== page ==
Ultimately, the responsibility for driving sober rests with the individual driver.  However, because of the dangers presented by truckers who drive under the influence, the federal Department of Transportation has defined certain times when a commercial trucker must be tested for drugs and alcohol.

The required testing times include:
  • Pre-Employment: drug testing is typically required of all new drivers within 30 days of employment.
  • Post-Accident: when a trucker is ticketed for an accident resulting in injury or a disabled vehicle, or when a fatal accident occurs, then testing for both drugs and alcohol is required.
  • Randomly: truckers may be tested randomly.
  • Upon Reasonable Suspicion: observation of appearance, behavior, smell or speech of a truck driver can lead a supervisor to request a drug test.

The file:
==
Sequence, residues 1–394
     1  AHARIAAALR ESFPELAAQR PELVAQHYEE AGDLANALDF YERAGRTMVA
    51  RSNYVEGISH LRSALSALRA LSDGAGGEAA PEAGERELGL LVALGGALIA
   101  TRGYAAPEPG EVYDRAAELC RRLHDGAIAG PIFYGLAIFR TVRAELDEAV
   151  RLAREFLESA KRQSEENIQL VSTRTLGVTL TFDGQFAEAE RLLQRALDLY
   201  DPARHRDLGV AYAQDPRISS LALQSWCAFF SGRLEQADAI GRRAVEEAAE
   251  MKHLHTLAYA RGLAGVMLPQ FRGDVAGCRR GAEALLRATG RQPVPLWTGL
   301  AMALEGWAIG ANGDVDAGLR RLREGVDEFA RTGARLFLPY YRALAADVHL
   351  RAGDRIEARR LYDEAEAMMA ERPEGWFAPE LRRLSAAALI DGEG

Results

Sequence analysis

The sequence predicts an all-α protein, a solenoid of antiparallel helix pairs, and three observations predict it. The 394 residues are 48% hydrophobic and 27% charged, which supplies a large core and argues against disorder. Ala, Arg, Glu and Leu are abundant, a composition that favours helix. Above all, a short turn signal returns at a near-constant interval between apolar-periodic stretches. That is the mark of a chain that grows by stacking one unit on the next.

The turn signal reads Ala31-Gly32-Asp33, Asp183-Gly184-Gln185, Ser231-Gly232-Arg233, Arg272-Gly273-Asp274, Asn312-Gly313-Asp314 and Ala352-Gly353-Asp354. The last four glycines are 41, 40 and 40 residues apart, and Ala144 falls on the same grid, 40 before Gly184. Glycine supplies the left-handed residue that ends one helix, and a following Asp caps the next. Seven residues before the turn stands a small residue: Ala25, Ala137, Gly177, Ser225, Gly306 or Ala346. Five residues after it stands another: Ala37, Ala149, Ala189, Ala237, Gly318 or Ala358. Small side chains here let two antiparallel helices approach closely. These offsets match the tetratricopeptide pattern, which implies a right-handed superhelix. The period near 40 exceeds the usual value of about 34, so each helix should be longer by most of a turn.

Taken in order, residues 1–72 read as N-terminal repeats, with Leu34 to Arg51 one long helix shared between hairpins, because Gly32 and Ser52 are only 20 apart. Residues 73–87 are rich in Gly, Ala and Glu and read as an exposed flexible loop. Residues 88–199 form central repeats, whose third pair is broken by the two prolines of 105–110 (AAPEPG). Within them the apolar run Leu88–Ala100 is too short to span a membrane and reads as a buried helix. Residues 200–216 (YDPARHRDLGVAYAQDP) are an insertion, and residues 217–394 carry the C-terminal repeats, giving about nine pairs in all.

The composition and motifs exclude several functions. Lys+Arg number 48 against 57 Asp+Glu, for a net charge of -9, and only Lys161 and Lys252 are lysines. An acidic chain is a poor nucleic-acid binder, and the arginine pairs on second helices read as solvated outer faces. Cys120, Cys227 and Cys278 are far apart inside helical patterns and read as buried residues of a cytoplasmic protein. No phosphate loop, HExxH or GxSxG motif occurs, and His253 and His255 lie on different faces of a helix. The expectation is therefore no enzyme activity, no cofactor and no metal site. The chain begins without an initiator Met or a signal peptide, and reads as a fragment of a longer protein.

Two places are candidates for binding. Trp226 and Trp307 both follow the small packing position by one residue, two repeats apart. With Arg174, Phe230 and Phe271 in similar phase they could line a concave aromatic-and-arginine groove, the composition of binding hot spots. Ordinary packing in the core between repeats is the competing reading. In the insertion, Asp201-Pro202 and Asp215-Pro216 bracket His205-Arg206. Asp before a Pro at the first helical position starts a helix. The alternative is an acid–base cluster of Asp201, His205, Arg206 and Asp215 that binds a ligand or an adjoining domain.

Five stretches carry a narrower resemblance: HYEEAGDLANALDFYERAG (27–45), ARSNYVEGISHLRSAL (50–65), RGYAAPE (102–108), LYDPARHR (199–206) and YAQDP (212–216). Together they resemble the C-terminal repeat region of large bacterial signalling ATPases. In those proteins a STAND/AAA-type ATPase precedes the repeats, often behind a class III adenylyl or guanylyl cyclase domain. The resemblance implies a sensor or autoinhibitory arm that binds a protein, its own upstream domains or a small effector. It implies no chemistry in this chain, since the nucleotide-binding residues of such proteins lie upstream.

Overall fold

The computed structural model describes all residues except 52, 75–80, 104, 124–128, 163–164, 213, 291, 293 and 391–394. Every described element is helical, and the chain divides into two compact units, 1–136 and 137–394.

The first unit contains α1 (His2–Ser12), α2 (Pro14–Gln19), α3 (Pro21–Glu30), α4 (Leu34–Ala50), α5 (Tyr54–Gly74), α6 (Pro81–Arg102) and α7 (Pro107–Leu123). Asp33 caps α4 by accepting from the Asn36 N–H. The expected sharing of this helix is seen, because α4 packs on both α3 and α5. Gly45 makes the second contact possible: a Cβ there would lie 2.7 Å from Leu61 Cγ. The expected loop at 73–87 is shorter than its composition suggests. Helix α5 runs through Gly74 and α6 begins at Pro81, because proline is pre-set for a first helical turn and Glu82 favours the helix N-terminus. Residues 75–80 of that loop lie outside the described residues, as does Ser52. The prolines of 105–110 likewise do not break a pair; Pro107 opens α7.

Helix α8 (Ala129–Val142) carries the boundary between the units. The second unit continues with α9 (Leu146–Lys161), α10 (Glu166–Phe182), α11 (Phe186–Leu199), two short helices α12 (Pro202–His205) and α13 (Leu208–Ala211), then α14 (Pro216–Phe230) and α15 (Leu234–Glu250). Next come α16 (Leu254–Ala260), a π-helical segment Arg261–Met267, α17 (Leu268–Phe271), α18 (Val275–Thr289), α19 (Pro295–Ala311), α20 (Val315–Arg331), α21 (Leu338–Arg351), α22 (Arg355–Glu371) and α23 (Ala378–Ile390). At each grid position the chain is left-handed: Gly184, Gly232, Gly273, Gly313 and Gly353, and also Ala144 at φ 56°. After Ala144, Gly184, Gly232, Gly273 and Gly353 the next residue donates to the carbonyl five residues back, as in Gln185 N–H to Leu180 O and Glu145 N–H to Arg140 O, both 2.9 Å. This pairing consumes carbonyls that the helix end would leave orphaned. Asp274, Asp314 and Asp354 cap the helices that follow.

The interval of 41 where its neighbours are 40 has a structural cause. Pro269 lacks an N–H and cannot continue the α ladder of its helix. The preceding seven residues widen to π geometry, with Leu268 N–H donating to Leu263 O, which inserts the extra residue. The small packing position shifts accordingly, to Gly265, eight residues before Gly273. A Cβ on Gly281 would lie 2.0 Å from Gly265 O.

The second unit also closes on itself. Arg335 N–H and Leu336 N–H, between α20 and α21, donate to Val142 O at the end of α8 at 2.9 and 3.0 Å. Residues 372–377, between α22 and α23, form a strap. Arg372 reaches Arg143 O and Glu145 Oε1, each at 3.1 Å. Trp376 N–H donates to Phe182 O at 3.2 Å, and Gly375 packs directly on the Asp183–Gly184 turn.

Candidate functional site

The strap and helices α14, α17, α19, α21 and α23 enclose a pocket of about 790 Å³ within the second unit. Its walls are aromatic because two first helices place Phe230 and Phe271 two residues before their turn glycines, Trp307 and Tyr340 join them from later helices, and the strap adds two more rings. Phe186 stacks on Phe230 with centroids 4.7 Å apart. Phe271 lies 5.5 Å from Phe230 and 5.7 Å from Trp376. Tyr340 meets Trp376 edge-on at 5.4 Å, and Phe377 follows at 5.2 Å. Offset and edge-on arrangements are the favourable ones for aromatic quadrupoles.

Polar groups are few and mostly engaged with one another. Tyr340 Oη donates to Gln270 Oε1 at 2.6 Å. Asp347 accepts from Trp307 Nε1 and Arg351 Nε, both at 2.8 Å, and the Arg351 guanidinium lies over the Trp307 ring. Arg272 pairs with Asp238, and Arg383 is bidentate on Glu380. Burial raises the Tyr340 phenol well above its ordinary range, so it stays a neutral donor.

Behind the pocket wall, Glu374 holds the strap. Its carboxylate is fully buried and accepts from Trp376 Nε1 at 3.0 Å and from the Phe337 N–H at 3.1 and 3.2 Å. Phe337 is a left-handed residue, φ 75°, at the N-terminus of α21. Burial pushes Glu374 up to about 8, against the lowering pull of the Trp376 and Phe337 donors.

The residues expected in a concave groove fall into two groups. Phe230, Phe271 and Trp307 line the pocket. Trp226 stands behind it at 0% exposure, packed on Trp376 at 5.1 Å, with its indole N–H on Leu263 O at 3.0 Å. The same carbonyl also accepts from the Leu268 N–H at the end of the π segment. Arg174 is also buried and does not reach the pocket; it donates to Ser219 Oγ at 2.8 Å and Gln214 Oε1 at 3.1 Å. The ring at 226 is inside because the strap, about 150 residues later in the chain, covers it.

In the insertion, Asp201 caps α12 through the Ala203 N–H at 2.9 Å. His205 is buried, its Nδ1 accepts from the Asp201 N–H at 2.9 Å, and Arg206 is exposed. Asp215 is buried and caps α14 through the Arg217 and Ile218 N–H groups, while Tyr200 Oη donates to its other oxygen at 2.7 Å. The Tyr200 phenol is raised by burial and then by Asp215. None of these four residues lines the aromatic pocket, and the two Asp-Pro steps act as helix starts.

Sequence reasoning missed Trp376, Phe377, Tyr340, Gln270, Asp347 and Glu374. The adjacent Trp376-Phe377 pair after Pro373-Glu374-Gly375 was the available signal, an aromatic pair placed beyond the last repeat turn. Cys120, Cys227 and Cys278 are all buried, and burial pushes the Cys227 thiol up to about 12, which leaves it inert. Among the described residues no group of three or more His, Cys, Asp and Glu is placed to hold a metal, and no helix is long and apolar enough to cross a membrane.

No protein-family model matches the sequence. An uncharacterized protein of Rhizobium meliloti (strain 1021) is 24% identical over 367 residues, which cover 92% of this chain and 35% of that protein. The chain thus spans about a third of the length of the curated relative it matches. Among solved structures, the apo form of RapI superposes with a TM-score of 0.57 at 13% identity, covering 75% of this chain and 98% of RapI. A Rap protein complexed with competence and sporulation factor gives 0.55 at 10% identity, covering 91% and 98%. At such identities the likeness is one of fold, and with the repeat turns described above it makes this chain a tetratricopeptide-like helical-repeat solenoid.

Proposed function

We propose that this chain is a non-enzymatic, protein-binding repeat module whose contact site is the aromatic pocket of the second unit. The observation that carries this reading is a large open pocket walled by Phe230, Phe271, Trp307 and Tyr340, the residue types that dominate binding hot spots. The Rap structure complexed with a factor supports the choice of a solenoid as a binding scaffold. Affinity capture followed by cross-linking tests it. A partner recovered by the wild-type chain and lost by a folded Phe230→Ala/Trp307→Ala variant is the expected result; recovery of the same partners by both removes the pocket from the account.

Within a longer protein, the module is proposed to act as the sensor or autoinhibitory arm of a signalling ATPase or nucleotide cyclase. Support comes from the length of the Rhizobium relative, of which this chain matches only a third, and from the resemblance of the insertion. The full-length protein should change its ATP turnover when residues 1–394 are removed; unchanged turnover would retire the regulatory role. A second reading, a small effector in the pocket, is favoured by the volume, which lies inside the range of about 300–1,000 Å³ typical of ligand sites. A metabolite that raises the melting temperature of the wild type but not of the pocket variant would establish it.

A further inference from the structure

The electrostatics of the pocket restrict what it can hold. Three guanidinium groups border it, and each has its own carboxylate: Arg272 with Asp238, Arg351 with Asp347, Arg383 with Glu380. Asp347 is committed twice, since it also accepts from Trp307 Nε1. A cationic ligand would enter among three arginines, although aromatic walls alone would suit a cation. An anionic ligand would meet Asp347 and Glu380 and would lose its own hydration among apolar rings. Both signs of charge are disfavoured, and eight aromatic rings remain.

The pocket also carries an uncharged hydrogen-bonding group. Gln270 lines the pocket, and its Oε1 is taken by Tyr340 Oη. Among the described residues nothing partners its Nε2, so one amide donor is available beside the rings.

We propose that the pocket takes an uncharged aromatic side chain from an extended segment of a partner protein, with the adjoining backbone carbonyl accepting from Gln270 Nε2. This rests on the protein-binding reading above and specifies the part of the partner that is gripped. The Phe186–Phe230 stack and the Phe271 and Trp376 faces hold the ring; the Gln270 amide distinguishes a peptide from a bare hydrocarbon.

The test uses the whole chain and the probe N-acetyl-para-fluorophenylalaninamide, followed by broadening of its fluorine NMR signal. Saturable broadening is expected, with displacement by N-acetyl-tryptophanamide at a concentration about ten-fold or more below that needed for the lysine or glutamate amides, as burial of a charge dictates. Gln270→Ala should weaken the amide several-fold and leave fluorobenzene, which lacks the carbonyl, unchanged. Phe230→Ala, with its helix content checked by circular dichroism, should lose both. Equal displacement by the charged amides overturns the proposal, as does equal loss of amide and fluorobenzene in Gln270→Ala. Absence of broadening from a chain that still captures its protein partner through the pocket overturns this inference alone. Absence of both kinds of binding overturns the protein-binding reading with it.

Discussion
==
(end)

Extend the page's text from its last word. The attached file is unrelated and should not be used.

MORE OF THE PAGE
• Before Returning to Duty: drug and alcohol testing may be required before a trucker returns to duty.

A refusal to be tested is treated as a positive drug or alcohol test and carries the same repercussions that Georgia drunk truckers face.

The Department of Transportation is looking for 100% compliance with its drug and alcohol policy.  Yet, since the responsibility rests with each driver, our Atlanta truck accident attorneys believe that that goal is unlikely to ever be met.  If you have been hurt by a drunken trucker in a Georgia truck crash, then we encourage you to contact an Atlanta truck accident lawyer for more information about your rights.  We can be reached at 770.518.1133.
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